Immersion in Hot or Cold Water
Anything done too suddenly (a quick change of any kind) can lead to a seizure. Going from cold to a warm temperature, or going from a warm house to a bitter cold day outdoors can shock your system. When having a bath it is best to have the bath water warm rather than hot as getting into a hot bath, along with the added humidity present in the bathroom also may be enough to trigger a seizure. When immersing yourself in cold water it is best to do this gradually and make sure you have another person with you to ensure your safety.
People with epilepsy are more than twice as likely to develop migraine headaches as those without seizures. Research showed that more than 20 percent of people with epilepsy have migraines, compared to 11 percent of the general population. And there’s an overlap in the two conditions. In another epilepsy study, about 16% of those people who had migraines also experienced epileptic seizures before, during or after a migraine.
Odors and Perfumes
Perfume directly affects the brain and has both a physiological and a psychological effect upon our respiration and breathing, as well as upon our moods and thoughts. Although our sense of smell declines with age, you need to be aware that strong or even subtle smells or perfumes can be one of your triggers for seizures. Sometimes a person who has experienced some seizure activity brought about by a particular odor may not discuss it because they think other people, even their doctors, will think they’re crazy. But it’s for real. And then there are other odors, much less enticing, some of which include paint, hairspray, cleaning products, ammonia, kerosene, car exhaust fumes, gasoline and solvents.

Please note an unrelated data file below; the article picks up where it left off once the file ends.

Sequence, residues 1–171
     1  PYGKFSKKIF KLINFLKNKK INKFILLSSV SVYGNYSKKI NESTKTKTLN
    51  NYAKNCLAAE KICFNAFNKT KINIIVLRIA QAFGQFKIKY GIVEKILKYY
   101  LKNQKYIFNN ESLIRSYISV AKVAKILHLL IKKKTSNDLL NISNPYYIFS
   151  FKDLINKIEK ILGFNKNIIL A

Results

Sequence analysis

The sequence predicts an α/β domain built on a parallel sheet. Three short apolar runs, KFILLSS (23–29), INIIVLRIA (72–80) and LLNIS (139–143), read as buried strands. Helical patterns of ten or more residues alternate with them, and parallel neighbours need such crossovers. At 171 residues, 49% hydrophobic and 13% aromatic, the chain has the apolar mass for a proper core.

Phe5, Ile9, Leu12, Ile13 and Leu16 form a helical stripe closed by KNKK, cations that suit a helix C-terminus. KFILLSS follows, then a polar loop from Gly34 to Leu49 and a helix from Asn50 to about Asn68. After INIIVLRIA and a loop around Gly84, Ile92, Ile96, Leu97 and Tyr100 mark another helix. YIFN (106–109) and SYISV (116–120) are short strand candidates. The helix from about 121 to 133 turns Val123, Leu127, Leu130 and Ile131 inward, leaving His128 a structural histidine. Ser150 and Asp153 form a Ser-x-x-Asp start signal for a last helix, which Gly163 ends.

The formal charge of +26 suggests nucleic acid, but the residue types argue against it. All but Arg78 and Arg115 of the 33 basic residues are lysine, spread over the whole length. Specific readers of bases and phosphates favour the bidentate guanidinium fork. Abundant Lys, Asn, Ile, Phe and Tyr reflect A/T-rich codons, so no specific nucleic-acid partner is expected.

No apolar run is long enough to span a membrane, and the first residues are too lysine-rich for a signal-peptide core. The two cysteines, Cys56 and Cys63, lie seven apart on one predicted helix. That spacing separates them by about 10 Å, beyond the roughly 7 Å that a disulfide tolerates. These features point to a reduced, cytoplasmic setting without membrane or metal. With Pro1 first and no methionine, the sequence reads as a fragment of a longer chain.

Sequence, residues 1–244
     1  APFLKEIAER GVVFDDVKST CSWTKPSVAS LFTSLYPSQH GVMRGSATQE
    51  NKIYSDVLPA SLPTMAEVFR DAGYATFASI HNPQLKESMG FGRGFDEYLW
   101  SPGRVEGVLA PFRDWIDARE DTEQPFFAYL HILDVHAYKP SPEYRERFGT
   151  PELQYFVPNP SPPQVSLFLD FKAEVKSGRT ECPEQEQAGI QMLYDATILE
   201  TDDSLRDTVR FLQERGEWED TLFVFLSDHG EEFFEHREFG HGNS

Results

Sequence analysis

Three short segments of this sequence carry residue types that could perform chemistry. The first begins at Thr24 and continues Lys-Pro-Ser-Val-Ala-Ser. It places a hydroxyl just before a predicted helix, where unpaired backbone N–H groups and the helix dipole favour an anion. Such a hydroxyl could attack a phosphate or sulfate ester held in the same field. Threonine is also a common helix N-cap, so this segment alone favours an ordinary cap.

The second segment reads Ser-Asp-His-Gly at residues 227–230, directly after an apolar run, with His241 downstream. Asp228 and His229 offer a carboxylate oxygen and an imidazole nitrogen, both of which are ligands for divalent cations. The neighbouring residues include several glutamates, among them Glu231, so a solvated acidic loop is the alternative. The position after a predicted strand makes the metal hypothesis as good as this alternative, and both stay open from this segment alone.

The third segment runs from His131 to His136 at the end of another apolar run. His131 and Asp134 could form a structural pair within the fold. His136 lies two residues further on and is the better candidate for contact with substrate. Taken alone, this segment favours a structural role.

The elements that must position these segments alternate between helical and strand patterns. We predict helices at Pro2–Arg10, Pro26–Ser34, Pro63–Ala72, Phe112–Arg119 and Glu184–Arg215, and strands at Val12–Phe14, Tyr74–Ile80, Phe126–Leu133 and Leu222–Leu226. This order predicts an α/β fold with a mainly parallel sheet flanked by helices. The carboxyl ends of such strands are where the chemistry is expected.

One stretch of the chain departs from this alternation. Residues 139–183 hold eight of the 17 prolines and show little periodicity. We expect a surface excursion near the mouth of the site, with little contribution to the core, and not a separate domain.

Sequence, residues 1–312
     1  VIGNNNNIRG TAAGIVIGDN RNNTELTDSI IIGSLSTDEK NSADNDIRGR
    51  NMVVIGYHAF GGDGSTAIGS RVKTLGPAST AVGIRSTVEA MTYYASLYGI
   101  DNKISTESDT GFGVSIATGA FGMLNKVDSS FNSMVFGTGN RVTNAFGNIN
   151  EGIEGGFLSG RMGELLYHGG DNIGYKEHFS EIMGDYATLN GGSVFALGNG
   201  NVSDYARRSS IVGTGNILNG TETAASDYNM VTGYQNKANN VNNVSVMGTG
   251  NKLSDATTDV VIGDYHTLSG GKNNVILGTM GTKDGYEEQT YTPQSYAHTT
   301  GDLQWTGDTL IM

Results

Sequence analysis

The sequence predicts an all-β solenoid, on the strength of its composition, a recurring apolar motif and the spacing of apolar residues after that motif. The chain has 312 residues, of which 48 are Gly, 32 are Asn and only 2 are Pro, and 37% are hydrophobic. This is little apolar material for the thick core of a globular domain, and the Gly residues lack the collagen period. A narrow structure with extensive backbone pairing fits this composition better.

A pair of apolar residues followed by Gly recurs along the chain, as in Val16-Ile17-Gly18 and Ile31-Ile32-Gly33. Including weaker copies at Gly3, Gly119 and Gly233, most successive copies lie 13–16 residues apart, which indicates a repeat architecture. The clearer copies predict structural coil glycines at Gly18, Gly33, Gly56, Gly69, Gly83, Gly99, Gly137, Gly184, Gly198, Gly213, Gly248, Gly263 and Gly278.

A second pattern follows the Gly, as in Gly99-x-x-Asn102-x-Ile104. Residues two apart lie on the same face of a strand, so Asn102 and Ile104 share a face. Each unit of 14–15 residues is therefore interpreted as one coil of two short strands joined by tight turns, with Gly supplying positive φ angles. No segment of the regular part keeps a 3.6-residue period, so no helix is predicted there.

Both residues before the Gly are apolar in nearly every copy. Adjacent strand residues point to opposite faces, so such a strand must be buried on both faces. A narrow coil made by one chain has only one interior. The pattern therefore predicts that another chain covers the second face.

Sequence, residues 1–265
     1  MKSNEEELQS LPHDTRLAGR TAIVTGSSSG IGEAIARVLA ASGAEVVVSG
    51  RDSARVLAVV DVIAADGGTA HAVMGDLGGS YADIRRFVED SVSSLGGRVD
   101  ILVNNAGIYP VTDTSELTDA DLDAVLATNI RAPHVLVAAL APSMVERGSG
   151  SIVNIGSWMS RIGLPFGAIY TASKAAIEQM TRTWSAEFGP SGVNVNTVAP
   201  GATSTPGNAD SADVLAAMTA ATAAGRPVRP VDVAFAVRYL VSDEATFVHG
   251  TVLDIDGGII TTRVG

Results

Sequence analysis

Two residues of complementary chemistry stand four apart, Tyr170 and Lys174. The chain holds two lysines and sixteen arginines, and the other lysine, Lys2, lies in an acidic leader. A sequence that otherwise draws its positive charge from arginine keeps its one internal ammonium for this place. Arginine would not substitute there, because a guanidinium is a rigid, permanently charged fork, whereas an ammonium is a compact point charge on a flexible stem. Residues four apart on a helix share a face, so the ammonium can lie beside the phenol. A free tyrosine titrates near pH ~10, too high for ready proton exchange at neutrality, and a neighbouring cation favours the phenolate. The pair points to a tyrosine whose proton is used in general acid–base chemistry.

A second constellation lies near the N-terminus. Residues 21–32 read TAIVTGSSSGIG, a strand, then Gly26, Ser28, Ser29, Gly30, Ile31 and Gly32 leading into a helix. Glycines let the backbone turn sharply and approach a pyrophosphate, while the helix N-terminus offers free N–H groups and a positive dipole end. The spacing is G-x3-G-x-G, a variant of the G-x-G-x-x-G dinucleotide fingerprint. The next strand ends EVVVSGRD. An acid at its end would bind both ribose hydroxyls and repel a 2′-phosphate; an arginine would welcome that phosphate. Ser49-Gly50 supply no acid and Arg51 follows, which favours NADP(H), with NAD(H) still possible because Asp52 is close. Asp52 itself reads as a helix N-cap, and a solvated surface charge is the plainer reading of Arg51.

Apparently, playing this thinking game, which can require intense concentration, can induce seizures. (You heard it first here!)
Musicogenic epilepsy is a form of reflexive epilepsy in which a seizure is triggered by music or specific frequencies. Sensitivity to music varies from person to person. Some people are sensitive to a particular tone from a voice or instrument. Others are sensitive to a particular musical style or rhythm. Still others are sensitive to a range of noises.
Sleep apnea includes pauses in breathing, indicated by gasping, snoring or difficulty in breathing during the night. It is more common in men than in women, and often occurs in larger people whose throat muscles and fat tissue cause an obstruction while they’re sleeping. These pauses in breathing can easily be confused with seizures. In fact, having apnea can trigger seizures. Having seizures can also trigger apnea; so it can work either way.
Yes, you can have too much of a good thing. Water is good for us, but it can dilute your medications. It’s best to spread your fluid intake over the day. Your body needs a balance of salt and water. And be cautious of drinking water from plastic bottles and leaving them lying around in the heat.